This is going to sound like an excuse, but it isn’t, though it is.
This and the other creative writing resources I am currently posting began their lives as resources delivering [an ‘appallingly’ curriculum-tainted word] that compulsory language focus in English subject teaching of some years ago now, spawning the language hour in primary schools – I have, thankfully, forgotten the actual terms used/applied to this* – and which became a necessary feature of schemes of work at secondary level, and which has subsequently been heavily criticised and disowned, but which has retained a lasting vestige of ruin in the linguistic focus teachers still teach and students apply in their GCSE English Literature study and responses [when exams happen].
I designed these resources partly to accommodate that compulsory aspect, but my intention was, and still is, to deliver this through creativity/creative writing resources. In re-purposing these here, I haven’t, however, removed the recurring focus [in bold] on specific language features as these are terms quite useful to know/think about!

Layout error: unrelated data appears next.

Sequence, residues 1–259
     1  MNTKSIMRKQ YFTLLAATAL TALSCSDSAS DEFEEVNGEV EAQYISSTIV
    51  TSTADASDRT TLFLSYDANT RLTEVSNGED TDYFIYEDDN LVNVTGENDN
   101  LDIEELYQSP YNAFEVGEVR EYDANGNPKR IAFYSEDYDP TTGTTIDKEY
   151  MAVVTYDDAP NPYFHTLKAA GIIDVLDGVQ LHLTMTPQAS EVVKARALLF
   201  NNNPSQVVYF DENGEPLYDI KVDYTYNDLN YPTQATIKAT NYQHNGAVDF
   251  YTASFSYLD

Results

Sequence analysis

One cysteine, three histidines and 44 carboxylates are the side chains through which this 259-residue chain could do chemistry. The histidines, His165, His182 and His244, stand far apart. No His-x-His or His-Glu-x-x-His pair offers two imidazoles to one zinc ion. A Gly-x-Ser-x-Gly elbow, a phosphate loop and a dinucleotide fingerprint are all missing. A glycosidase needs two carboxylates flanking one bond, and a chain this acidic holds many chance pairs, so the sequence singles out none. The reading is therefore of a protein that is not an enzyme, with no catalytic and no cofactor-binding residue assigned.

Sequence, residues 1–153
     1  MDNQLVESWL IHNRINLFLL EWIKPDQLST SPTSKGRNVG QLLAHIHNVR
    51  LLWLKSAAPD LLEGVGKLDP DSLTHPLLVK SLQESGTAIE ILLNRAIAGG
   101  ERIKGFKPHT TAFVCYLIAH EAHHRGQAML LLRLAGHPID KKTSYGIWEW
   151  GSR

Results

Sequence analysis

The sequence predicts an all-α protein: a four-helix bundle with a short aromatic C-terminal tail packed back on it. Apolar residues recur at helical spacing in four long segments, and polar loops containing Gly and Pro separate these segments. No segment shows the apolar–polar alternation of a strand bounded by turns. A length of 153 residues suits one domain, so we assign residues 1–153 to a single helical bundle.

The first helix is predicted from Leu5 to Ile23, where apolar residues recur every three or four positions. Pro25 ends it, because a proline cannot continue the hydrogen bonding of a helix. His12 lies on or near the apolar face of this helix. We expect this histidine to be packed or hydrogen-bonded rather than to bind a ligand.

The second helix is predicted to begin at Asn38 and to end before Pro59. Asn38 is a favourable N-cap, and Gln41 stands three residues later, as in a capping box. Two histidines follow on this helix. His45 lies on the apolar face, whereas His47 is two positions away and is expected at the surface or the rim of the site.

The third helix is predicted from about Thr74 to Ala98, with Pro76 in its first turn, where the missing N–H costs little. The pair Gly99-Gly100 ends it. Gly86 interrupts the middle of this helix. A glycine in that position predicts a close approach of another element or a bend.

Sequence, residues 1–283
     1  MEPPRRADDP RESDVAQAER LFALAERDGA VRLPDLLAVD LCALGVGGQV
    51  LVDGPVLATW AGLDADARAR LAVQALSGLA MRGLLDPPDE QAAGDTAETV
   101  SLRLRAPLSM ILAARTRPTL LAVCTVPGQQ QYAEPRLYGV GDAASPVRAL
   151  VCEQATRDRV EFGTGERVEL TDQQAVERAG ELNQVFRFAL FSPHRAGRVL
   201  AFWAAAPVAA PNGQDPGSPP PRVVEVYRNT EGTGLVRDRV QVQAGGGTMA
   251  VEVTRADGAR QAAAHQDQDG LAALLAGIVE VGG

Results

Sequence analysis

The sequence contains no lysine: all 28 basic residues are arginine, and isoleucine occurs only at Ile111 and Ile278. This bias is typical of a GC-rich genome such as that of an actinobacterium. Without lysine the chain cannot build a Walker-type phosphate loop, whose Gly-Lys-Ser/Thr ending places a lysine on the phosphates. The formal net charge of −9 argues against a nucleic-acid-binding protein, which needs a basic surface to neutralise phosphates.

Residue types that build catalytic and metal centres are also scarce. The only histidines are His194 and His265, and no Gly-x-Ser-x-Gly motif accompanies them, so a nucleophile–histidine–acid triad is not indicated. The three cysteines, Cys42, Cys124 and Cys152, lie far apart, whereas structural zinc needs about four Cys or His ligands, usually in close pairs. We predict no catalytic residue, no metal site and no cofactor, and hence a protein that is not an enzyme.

And I hope you saw what I did in the above with the preponderance of adverbs. This writing idea, taken from another Adrian Mitchell idea and poem, is essentially for the fun of it. It isn’t to teach adverbs, but it is to ‘teach’ the potential of language to surprise and delight.
The old-school approach of cutting and placing and turning over is all part of the fun. Perhaps some pasting too.
*Looked it up: The Literacy Framework